Prandelli: “Balotelli has to learn to accept defeat.”

3) Balotelli needs to grow up.
He may have put on a clinic against ze Germans… but Mario is still a super baby.  He stormed off the pitch after Italy lost against the Spaniards and was the last person to receive his medal.  That’s too bad because he had an exemplary tournament.   Colourful players with heaps of talent have always made the game more interesting…. but Balotelli can be a detriment to his team(s).  Luckily for both Italy and Manchester City, his behaviour may mellow with time.  Witness another former petulant son in…

4) Cristiano Ronaldo.  He’s an incredible player… he just needs a team.
Like the Italians, the Portuguese weren’t expected to do much.   Critics assumed that Ronaldo would once again be unable to replicate his club form for A Seleccao.  But not only did Ronaldo have a great tournament, he showed tremendous un-Ronaldo-like restraint as teams gave him a kicking.   Old Ronaldo would have flopped around like a fish.   New Ronaldo recorded the most shots in the tournament.   Too bad that he also hit the wood work more than any other player… and let’s not even mention the penalty shot that never was.

5) The end of the Van Marwijk era means the end of the Van Bommel era, et al.  Praise Cheebus.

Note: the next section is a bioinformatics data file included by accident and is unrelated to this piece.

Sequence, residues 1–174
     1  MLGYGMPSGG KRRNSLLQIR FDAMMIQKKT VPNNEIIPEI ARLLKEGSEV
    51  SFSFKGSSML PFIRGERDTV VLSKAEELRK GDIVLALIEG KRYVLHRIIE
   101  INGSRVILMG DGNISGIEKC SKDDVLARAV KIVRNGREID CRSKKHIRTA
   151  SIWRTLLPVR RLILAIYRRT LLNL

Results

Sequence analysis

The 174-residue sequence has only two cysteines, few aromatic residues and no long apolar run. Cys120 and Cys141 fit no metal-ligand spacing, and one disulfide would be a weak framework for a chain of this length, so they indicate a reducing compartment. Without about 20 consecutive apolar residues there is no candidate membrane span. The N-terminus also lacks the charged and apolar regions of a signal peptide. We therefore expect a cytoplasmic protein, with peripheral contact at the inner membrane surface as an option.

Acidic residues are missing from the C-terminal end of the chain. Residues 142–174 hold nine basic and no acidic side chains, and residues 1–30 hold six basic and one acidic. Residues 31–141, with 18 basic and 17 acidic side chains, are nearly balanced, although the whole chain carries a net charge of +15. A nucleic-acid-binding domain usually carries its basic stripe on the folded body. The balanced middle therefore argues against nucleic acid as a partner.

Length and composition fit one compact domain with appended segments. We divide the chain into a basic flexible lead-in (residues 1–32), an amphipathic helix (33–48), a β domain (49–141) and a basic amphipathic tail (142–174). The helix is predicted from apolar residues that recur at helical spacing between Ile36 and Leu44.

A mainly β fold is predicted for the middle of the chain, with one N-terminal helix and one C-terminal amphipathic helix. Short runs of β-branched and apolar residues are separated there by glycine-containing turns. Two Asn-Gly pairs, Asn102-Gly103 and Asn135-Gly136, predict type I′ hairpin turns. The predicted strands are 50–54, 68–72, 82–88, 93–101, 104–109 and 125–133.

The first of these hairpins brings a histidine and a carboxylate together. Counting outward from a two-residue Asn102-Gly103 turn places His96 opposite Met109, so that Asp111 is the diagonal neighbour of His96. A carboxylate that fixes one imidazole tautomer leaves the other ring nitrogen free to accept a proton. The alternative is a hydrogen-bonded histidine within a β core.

The Dutch gaffer opted for pretty much the same side as he used in the World Cup. Oops.

Before the tournament even began, the players exhibited symptoms of Dutch Disease: an in-fighting both in and out of the public spotlight that hobbled everyone. Their performance on the pitch reflected the lack of unity and tactics.  One hopes that it wasn’t nepotism that led Van Marwijk to start his over-the-hill son-in-law Mark Van Bommel.  The captain sums up all that’s wrong with the Oranje:  old, dirty, and petulant.  A mid-tournament rebellion in the dressing room, followed by an early exit,would make the Dutch this year’s France, except that…

6) France is this year’s France.
After a disastrous World Cup campaign in South Africa, you’d think Les Tricoloures would avoid their petty squabbles and unite under Laurent Blanc. Malheureusement, it was not to be. Reports of a dressing room bust-up after losing to Sweden in their final group-stage match was followed by Samir Nasri’s unseemly outburst towards a reporter. A tidy loss to the eventual champions meant the end of another tournament… and the dismissal of another manager.

Liberté, Égalité, Fraternité… Someone tell the French players.

The other sad Mario…

7) Das Jahr der Schrecken for Bayern Munich players.